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beautiful believe called Canute Carlyle cause century character Church Coleridge conscious criticism death Divine doctrine Earl Godwin Emperor Empire England English epigram existence experience eyes fact faith feeling fish Frederic genius German give glacial period glaciers Godwin Greek ground Hamilton Hamiltonian hand Harold Harold Hardrada heart Heyne Homer human idea Italian Italy Jomsborg King knowledge labour land less literature living look matter means ment Mill mind Mont Blanc Montargis moral nation nature ness never Norway object once passed philosophy Pindar Plato poems poet poetry political present Prussia question racter readers reason river Roman Rome salmon Scotland seems sensations sense side Silesia Sir William Hamilton Socrates Spain spirit strong theory things thought tion Tostig true truth universal whole Wolf words writing
Sida 151 - For not to think of what I needs must feel, But to be still and patient, all I can; And haply by abstruse research to steal From my own nature all the natural man This was my sole resource, my only plan: Till that which suits a part infects the whole, And now is almost grown the habit of my soul.
Sida 152 - Our observation employed either about external sensible objects, or about the internal operations of our minds, perceived and reflected on by ourselves, is that which supplies our understandings with all the materials of thinking. These two are the fountains of knowledge from whence all the ideas we have or can naturally have do spring.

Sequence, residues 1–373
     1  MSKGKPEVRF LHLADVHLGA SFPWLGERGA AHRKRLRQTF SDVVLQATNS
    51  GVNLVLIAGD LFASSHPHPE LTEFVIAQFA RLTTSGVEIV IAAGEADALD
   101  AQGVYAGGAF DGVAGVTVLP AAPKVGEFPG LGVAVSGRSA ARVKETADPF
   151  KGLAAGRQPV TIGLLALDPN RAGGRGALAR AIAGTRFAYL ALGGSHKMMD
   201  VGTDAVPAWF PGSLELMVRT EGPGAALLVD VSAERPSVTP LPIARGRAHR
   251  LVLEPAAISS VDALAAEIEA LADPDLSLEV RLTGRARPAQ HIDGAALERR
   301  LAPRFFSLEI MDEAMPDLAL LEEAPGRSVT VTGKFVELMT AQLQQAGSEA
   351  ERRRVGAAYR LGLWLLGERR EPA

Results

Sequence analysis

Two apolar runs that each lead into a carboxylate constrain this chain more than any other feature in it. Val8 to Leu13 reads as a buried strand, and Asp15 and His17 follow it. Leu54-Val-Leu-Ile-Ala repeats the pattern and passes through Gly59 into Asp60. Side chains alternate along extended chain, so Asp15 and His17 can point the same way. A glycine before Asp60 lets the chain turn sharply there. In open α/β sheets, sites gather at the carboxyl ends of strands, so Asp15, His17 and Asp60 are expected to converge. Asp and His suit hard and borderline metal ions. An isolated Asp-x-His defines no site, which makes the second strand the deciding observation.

Sida 148 - I felt thee ! — on that sea-cliff's verge, Whose pines, scarce travelled by the breeze above, Had made one murmur with the distant surge ! Yes, while I stood and gazed, my temples bare, And shot my being through earth, sea and air, Possessing all things with intensest love, O Liberty ! my spirit felt thee there.
Sida 22 - I'll tell you, friend! a wise man and a fool. You'll find, if once the monarch acts the monk Or, cobbler-like, the parson will be drunk, Worth makes the man, and want of it the fellow, The rest is all but leather or prunella.
Sida 230 - And when the Lord saw that he turned aside to see, God called unto him out of the midst of the bush, and said, Moses, Moses. And he said, Here am I.
Sida 149 - Or throne of corses which his sword hath slain ? Greatness and goodness are not means but ends ! Hath he not always treasures, always friends, The good great man? Three treasures, love and light, And calm thoughts regular as infant's breath : And three firm friends, more sure than day and night, Himself, his Maker, and the angel Death.
Sida 51 - Fontenoy, the blood of the mountaineers who were slaughtered at Culloden. The evils produced by his wickedness were felt in lands where the name of Prussia was unknown ; and, in order that he might rob a neighbor whom he had promised to defend, black men fought on the coast of Coromandel, and red men scalped each other by the great lakes of North America.
Sida 24 - We have but faith: we cannot know, For knowledge is of things we see; And yet we trust it comes from thee, A beam in darkness: let it grow.
Sida 219 - Know ye not, that to whom ye yield yourselves servants to obey, his servants ye are to whom ye obey ; whether of sin unto death, or of obedience unto righteousness...
Sida 97 - It was foretold, that to him should the gathering of the people be ; and that God would give him the Heathen for his inheritance, and the utmost parts of the earth for his possession, which was punctually fulfilled by the wonderful success of the gospel, and its universal propagation throughout the world.